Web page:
Pluralism and inclusiveness which much of the reforms induced creates positive feedback between inclusive economic and political institutions and led to the development of inclusive markets which facilitated efficient allocation of resources and greater encouragement for individuals to acquire education, new skills and to pursue innovation. In the United States, the rise of the Robber barons and their monopoly trusts in the late 19th and early 20th century underlines the fact that the presence of markets is not in themselves a guarantee of inclusive institutions since markets can be dominated by a few firms charging exorbitant prices and blocking the opportunities for the entry of more efficient rivals and new technologies. When the Robber barons posed a threat to the inclusive political institutions the free flow of information engendered by the free media served to mobilise friendlier forces that countered the unhindered monopolies that were threatening the foundation of inclusive political and economic institutions.
- Lessons for Nigeria
Having now taken a snapshot view of global development, the environment that conduces to desirable and acceptable outcomes, the character and values of the elite and the leader who can drive the social system to the desired end, we need to situate these lessons within the context of the Nigerian environment. In tackling the challenge we need to answer three questions –
- What lessons have we learnt that are applicable to the Nigerian situation?
- What is the current state and challenges that faces Nigeria at this juncture in her history?
- What must we do to steer the ship of state to the desirable and equable harbour?
It is now obvious that successful societies in terms of prosperous and peaceful development are those that have striven for inclusiveness in the midst of diversity in their political and economic systems. The elite has dominantly worked within a context in which the emphasis is on their responsibilities and obligations to the society rather than their rights and privileges. The leader has usually been a knowledgeable person with character, who stands out by his personal self-confidence and humility. He/She need not be a know-all but his persona must exude trust with a capacity to mobilise citizens across boundaries and dividing lines.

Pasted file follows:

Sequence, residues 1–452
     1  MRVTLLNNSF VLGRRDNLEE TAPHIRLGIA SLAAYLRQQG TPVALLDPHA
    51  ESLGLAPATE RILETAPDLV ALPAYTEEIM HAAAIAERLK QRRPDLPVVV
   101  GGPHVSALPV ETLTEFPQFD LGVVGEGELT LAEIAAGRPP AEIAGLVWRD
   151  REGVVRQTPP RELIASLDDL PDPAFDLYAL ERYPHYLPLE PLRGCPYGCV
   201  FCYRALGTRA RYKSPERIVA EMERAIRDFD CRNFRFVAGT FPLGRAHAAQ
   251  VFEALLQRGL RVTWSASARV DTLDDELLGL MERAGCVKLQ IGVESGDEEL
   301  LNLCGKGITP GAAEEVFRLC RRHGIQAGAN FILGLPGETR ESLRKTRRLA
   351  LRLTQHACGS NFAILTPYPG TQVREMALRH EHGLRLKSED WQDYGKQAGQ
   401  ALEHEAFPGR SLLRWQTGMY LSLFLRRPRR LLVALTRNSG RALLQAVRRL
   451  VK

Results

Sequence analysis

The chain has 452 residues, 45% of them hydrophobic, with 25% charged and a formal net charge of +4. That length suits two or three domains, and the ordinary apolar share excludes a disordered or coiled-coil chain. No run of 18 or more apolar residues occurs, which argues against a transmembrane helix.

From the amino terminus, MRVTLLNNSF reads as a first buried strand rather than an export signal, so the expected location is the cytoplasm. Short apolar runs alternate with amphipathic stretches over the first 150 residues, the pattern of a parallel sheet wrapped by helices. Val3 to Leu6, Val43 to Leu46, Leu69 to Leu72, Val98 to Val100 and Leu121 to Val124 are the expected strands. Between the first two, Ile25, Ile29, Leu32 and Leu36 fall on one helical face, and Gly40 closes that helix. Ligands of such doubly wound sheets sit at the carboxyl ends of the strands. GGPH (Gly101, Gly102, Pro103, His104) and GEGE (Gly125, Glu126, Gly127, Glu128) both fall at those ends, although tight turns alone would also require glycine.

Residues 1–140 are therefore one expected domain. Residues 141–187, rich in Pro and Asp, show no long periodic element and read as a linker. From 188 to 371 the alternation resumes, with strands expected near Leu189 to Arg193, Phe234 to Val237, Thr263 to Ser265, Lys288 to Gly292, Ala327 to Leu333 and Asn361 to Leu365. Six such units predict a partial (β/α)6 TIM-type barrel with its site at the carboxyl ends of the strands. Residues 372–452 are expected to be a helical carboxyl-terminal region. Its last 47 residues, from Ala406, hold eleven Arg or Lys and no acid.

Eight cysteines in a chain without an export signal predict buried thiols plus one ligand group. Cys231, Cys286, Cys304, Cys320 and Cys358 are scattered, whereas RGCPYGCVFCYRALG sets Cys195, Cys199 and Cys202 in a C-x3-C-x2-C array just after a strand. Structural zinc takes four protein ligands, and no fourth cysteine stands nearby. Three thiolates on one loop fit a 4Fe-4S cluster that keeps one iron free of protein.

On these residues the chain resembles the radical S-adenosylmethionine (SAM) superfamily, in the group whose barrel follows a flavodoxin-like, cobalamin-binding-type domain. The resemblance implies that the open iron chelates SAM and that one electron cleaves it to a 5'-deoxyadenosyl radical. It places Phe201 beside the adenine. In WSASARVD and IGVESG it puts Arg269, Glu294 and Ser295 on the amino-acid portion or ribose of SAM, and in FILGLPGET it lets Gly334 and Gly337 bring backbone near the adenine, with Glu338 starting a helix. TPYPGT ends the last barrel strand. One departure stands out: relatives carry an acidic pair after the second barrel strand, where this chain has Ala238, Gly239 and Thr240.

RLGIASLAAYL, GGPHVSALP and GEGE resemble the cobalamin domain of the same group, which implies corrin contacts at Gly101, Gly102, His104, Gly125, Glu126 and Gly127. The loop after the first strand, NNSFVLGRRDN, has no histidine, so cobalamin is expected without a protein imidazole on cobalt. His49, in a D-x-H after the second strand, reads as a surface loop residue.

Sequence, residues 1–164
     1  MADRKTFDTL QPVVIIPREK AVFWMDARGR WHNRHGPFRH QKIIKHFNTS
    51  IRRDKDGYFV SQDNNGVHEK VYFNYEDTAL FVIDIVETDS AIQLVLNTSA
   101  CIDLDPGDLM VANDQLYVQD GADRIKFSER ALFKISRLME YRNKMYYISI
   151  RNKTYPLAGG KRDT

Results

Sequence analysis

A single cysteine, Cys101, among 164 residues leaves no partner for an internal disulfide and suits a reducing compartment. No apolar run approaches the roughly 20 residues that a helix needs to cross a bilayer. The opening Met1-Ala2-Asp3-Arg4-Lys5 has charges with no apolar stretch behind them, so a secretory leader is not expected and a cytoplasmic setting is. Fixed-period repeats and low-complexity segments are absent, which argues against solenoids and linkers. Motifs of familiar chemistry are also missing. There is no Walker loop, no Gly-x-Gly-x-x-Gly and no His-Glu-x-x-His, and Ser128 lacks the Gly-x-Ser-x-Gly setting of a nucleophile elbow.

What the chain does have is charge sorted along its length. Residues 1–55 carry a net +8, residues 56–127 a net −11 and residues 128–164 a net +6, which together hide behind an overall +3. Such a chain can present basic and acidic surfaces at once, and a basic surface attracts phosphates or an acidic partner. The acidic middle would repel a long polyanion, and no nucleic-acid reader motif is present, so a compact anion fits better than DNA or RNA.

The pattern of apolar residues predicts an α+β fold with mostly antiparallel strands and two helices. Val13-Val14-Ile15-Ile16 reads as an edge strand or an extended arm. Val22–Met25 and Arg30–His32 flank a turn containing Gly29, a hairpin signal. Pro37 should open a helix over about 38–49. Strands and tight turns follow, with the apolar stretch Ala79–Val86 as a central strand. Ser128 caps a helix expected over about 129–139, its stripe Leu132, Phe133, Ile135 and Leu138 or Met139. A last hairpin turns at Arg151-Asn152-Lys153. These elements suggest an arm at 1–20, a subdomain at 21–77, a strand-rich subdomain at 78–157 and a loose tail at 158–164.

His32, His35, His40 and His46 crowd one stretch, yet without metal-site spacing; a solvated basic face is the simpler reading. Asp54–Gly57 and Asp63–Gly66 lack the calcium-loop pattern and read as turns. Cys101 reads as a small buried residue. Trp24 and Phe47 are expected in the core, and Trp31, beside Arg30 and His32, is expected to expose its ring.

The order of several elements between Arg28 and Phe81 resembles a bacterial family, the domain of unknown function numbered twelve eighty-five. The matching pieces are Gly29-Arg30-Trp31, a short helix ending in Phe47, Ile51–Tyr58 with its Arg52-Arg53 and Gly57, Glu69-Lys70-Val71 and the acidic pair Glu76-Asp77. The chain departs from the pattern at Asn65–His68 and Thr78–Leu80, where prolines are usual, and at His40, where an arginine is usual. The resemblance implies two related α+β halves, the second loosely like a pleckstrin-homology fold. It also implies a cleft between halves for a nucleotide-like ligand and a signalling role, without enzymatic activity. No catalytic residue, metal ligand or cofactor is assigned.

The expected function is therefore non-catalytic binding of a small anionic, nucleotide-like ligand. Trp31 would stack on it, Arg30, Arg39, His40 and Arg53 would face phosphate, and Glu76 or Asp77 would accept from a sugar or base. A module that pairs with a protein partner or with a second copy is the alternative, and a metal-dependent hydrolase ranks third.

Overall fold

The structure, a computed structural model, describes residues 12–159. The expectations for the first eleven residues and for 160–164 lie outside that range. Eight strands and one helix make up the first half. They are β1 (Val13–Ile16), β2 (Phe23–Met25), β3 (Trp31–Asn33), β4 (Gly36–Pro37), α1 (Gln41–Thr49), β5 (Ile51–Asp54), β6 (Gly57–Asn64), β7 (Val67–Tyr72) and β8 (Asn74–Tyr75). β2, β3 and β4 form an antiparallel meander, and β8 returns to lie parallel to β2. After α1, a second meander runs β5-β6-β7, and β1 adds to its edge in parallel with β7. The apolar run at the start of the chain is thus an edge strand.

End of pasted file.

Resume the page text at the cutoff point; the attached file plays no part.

Nigeria is currently enmeshed in a multi-dimensional crisis. We are in a political, social, economic and moral crisis. Cardinal Okogie was quoted recently to have diagnosed our situation when he observes that we are allergic to the truth and are addicted to falsehood. The depth of the moral crisis cannot be more aptly stated. What is the evidence on the ground?
The cacophony of voices on the political issue of restructuring is a measure of the level of dissonance in the political system. Nigeria is a diverse society that is multicultural, multi-ethnic and multi-religious. Not surprisingly our pre-independence leaders chose a federal system of governance which will over time build a united but diverse nation of shared values of inclusiveness and national purpose. The military intervention destroyed this foundation and planted the seeds of division and centrifugal political forces. There cannot be a peaceful nation unless we return to the basics of federalism as the foundation of our national enterprise. The political challenge is how to operationalize Chapter II of our constitution- the Fundamental Objectives and Directive Principles of State Policy. Unfortunately it would appear that current political actors do not see and do not hear.